My Literature Lesson, today, is about one of my my favourite readings from the anthology, “When the Sun Goes Down and Other Stories from Africa and Beyond”. “Twilight Trek” by Nigerian novelist, Sefi Atta, is indeed, a work of art. In this story, Sefi highlights the challenges that Africans face as they attempt to run away from their mother countries in search of a better life in Europe.
The narrator of the story decides to make the dangerous journey from Africa to Spain to pursue his dream of playing football. The desire to make a new life for himself is motivated more by his contempt of his current way of life. With a prostitute for a mother and a childhood exposed to immorality, the narrator’s future appears bleak.
The journey, which is beset with a myriad of challenges, is cut short when he loses his money to a lady he had just met – Patience. The hard-earned coins disappear and with them – the dream.
Christian readers will easily identify the subtle allusion to the Old Testament’s Exodus in Atta’s story. With Africa being the present-day Egypt, Africans are running away in droves, much like the Isralites did in the time of Moses. The allure of the promised land – Europe, has forced many to make this dangerous trek, with some paying with their dear lives.
While the narrator does not get to cross the Mediterranean Sea as the Isralites did the Red Sea, those who do, hope to find a land flowing with milk and honey in the name of jobs and better living conditions. But with all the hardships faced by the narrator, Sefi seems to question the wisdom of those attempting the ‘exodus’.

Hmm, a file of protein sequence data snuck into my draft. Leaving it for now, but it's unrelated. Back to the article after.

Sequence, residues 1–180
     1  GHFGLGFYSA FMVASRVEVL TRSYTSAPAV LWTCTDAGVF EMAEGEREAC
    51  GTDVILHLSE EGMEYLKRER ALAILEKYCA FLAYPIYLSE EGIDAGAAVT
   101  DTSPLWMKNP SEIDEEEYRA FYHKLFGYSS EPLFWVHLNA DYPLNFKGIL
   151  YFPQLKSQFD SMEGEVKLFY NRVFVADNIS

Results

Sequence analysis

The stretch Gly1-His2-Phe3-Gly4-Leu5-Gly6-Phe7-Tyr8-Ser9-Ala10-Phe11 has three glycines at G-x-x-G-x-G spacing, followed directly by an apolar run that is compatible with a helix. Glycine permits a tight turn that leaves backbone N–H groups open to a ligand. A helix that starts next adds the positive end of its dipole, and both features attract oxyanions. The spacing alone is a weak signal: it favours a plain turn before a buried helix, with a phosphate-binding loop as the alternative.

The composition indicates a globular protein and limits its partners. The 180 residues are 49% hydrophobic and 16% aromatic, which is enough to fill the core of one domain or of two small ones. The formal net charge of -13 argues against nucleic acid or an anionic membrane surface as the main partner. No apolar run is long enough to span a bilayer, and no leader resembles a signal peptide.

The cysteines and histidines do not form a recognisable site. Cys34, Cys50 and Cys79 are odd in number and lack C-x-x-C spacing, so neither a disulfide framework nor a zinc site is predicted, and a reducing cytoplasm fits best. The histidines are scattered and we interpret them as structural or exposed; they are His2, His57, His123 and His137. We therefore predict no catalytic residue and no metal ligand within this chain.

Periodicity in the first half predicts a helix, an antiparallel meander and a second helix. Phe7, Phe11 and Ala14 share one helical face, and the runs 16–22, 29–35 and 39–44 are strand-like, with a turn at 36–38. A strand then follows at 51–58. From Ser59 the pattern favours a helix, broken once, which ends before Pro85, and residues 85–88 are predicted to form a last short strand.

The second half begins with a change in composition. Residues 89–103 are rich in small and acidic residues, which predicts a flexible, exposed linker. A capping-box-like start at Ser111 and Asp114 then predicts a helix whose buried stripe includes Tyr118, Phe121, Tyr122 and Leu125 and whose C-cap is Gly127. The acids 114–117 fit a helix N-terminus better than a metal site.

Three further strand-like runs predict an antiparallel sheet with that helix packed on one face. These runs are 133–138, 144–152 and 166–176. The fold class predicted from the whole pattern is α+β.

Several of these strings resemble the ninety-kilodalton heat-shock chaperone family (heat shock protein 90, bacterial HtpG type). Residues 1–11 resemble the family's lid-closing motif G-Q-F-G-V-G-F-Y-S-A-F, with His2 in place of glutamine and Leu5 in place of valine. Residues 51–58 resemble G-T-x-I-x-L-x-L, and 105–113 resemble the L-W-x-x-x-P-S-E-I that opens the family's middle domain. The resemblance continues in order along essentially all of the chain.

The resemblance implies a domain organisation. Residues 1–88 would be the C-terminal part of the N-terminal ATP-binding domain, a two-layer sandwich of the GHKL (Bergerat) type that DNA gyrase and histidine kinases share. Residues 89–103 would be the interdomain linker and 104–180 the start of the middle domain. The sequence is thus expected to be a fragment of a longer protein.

Patience, a ‘reformed’ prostitute reads the Bible quite often during the journey, yet, she is only masking her real intent behind the Book of God. As the narrator sleeps hungry, the Malian Moslem women are not swayed by their religion to share their meal with a fellow Moslem. This leads us to wonder about the type of religion these Africans follow.
When religion is practiced by dishonest, hypocritical people, it cannot bear fruits. Similarly, when Africans take part in an ‘Exodus’ using dishonest means and betraying each other on the way, they cannot expect to succeed. it is then of little wonder that while the narrator loses his money to Patience, this does not guarantee her a safe passage as she is yet to cross the ‘Red Sea’ as far as we know.
Many young African students dream of living their ‘God forsaken’ continent to the lands of boundless opportunities in the West. Ata’s story is a good reminder to such young readers that they cannot find paradise if they are not ready to create it for themselves.
For a complete summary of Sefi Atta’s ‘Twilight Trek’, please click here.
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